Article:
Read more: 10 Popular Cybersecurity Certifications


3. Cybersecurity manager job description 

Cybersecurity managers are responsible for overseeing an organization’s security infrastructure. As cybersecurity manager, you’ll be tasked with managing both human and technological resources to ensure that security infrastructure is properly maintained and that security breaches are handled in an efficient and timely manner. At the same time, you’ll need to lead risk mitigation efforts, source cybersecurity tools, and ensure your organization complies with proper rules and regulations. 

As a manager, you must be comfortable working with a wide range of other cybersecurity professionals and providing direction when necessary. If you handle responsibility well, enjoy working with others, and are comfortable in a leadership position, then you might consider a career as a cybersecurity manager. 


Cybersecurity managers must oversee the resources required to maintain and improve an organization’s cybersecurity system. As a result, their exact duties will vary considerably from one job to another. Nonetheless, some common duties you can expect to perform as a cybersecurity manager include the following: 

  • Training employees on cybersecurity best practices 

  • Delegating tasks and monitoring team performance

  • Overseeing updates to existing security systems and implementing new protocols

  • Leading efforts to address security breaches

  • Developing security strategies and making adjustments as needed. 


In their day-to-day work, cybersecurity managers must use a wide range of both workplace and technical skills. Some of the skills you’ll need as a cybersecurity manager include: 

  • Leadership 

  • Resource management 

  • Problem-solving

  • Collaboration

  • Extensive knowledge of cybersecurity systems and infrastructure 

Credentials and qualifications 

Typically, employers prefer job applicants with a bachelor’s or even master’s degree in a field related to cybersecurity, such as computer science, math, or engineering. In some cases, an employer may be willing to hire someone with a high school diploma or associate degree, but they will need to have prior experience to qualify.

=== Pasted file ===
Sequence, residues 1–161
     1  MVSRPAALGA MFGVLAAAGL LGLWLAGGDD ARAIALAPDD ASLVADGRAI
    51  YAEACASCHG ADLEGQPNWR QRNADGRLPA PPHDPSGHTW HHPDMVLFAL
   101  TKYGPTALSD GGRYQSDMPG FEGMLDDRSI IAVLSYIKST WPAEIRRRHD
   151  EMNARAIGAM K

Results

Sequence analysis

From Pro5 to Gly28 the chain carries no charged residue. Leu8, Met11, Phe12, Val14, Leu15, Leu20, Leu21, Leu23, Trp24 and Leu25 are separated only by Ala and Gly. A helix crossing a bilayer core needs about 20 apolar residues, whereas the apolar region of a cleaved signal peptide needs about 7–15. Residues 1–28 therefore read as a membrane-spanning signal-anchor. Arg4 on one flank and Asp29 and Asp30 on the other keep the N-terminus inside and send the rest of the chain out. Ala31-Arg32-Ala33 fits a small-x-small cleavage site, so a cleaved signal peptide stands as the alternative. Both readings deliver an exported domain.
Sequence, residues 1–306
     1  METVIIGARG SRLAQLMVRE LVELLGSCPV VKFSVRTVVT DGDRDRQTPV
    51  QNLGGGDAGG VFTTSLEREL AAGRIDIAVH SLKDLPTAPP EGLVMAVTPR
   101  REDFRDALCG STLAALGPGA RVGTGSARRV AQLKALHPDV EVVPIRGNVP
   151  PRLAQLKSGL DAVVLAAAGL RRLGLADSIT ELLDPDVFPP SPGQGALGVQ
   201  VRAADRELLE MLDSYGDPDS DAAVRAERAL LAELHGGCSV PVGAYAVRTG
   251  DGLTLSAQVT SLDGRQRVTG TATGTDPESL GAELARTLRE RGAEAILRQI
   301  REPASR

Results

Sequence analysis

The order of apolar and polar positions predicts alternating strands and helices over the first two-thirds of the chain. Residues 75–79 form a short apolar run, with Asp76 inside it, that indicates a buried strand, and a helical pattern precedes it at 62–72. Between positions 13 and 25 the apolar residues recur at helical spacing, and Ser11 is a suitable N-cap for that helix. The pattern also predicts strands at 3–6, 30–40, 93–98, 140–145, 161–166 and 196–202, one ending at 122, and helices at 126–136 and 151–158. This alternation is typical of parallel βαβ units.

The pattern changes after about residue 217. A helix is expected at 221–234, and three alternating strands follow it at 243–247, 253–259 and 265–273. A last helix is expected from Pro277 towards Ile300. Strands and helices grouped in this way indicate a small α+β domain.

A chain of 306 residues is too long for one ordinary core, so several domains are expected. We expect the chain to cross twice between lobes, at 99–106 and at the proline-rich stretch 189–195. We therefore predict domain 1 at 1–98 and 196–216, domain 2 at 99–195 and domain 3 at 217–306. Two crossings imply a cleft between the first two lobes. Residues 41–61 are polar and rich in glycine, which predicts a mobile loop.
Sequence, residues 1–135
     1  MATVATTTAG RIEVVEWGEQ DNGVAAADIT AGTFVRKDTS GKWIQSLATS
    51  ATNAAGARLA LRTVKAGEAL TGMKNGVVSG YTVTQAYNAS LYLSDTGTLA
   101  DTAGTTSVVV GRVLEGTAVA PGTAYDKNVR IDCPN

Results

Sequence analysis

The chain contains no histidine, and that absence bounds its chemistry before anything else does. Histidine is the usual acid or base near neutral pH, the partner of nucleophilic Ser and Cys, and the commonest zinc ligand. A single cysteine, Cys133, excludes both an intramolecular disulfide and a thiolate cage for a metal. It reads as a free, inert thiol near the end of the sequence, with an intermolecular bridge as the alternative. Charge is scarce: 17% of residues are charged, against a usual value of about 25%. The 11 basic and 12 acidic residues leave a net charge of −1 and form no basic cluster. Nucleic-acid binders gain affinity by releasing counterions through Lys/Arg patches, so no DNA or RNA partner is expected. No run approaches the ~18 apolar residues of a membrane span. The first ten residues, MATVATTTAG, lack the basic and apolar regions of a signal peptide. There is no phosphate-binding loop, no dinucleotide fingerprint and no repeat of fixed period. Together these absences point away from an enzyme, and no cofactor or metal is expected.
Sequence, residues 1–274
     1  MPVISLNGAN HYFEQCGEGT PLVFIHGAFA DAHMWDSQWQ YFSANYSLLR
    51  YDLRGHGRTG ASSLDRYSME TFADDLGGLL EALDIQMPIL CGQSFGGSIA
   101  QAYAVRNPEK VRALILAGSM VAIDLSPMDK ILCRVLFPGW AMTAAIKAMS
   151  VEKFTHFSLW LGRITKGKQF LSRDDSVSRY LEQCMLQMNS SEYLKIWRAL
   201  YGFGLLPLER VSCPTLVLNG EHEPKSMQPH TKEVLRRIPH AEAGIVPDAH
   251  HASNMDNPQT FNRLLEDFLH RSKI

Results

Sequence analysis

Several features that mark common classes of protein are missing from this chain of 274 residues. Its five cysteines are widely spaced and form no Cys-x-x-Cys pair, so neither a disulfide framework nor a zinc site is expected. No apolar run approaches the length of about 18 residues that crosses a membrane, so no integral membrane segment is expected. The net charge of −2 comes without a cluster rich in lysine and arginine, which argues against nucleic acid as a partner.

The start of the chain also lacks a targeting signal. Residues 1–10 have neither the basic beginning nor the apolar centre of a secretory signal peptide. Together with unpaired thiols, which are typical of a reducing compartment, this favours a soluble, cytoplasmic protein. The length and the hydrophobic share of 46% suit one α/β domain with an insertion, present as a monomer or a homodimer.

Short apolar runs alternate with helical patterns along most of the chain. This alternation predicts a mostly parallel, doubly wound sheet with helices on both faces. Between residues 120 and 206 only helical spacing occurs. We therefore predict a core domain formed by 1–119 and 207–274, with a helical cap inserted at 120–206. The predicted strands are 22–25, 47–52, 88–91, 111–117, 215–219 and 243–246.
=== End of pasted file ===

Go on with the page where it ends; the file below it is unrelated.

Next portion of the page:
Learn cybersecurity on Coursera 

Cybersecurity is an impactful and growing field. If you enjoy solving problems, working with technical systems, and collaborating with a team of like-minded professionals, then a career in cybersecurity might be right for you. 

Gain job-relevant skills today on Coursera. In Google’s Cybersecurity Professional Certificate, you’ll learn how to protect networks, devices, people, and data from unauthorized access and cyberattacks using (SIEM) tools. You’ll also learn how to identify common risks, threats, and vulnerabilities and even gain hands-on experience with Python, Linux, and SQL.

Article sources

  1. US Bureau of Labor Statistics. “Occupational Outlook Handbook: Information Security Analysts,” Accessed October 2, 2023.

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This content has been made available for informational purposes only. Learners are advised to conduct additional research to ensure that courses and other credentials pursued meet their personal, professional, and financial goals.